Treasury Notes

What are Treasury Notes?


Treasury Notes are government issued debt instruments with maturities between 2 and 10 years.  To be exact, they are issued in 2, 3, 5, and 10 year increments.  As opposed to Treasury Bills, T-Notes earn periodic interest payments semi-annually until the note matures.  Treasury notes are sold through a single price dutch auction, in which the price and rate of the bond are determined.  They can be bought through the government directly through the TreasuryDirect system or through a banking institution and they are issued in denominations of $100.

Just like the T-bills, T-Notes limit the buyer in an amount up to 35% of the auctioned amount with competitive bids and $5 million for non-competitive bids. 

Notes are exempt from state & local taxes but subject to federal taxes.

When are Treasury Note Auctions Held?


The 2, 3, and 5 year auctions are held every month.  The 10 year treasury note has original issuance in February, May, August, and November but has a re-opening of a previously issue security in all other months.  Re-opened securities will provide the same terms to maturity and interest rate; however, it will have a different purchase price to adjust for the current interest rate environment.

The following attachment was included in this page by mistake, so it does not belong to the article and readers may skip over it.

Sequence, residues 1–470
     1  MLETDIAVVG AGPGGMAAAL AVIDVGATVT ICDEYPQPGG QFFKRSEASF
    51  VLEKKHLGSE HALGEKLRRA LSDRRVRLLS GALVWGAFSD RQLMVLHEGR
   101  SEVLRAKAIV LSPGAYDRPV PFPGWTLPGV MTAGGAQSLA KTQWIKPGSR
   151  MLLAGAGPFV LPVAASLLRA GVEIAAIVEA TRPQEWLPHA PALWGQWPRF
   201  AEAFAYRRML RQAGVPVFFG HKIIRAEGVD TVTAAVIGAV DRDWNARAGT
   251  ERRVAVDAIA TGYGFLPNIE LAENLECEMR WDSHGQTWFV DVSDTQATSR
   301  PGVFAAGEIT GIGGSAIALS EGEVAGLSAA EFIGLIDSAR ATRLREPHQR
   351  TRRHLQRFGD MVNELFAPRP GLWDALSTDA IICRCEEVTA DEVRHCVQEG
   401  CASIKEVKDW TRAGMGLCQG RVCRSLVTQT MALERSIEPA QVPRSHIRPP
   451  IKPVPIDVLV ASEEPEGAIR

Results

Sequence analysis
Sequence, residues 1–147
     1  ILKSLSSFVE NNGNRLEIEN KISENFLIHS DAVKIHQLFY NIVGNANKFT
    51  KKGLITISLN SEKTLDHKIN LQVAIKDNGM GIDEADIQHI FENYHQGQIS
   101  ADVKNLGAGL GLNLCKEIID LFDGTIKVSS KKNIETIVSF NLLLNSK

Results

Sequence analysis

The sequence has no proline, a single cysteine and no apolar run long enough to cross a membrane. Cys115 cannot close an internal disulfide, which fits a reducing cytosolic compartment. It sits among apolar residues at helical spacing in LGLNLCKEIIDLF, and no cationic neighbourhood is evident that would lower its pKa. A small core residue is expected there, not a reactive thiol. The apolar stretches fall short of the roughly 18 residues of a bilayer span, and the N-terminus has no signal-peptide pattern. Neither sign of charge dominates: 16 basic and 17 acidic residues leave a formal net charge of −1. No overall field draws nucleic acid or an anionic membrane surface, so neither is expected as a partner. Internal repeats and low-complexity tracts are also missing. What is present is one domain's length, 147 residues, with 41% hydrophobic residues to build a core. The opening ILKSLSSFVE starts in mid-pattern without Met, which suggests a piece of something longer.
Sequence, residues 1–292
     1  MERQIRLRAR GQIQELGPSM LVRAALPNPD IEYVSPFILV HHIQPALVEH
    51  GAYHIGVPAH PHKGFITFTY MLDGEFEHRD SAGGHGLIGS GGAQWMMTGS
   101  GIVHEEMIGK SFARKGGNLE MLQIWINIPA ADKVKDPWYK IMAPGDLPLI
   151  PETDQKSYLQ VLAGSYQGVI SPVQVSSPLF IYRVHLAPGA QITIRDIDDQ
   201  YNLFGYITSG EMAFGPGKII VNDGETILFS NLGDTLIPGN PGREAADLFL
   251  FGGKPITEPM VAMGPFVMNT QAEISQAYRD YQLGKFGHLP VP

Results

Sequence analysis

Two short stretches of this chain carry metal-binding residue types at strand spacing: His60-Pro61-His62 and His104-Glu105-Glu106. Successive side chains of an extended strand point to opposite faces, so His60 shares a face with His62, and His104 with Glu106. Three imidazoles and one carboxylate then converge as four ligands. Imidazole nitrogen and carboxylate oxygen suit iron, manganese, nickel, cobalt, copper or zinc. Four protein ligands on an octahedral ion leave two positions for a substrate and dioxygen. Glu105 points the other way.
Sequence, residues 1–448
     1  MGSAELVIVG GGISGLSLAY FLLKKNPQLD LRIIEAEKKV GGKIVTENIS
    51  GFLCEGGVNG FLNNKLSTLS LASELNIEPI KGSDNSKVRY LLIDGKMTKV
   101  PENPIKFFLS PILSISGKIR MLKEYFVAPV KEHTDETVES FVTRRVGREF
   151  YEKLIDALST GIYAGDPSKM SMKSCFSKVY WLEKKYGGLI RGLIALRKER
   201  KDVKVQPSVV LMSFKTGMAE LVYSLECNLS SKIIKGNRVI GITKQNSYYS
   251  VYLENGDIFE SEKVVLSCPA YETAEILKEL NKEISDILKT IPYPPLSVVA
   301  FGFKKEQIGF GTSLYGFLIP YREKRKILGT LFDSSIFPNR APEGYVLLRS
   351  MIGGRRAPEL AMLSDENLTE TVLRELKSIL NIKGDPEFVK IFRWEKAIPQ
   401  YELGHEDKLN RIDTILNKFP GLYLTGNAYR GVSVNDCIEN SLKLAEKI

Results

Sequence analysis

Purchase a Specific Cash Flow of a T-Note


Rather than holding the Note till maturity, some investors will look to purchase a specific cash flow.  They may want to receive a fixed amount on a fixed date.  Remember, T-Notes are not like T-Bills in that they have periodic interest payments.  Therefore, to circumvent this, the treasury enabled banks to STRIP the cash flows from each security and sell them individually to investors.  This option only exists for treasury notes, treasury bonds and treasury inflation protected securities.
Types of Treasury Securities:
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Treasury TIPS >>
Treasury STRIPS >>
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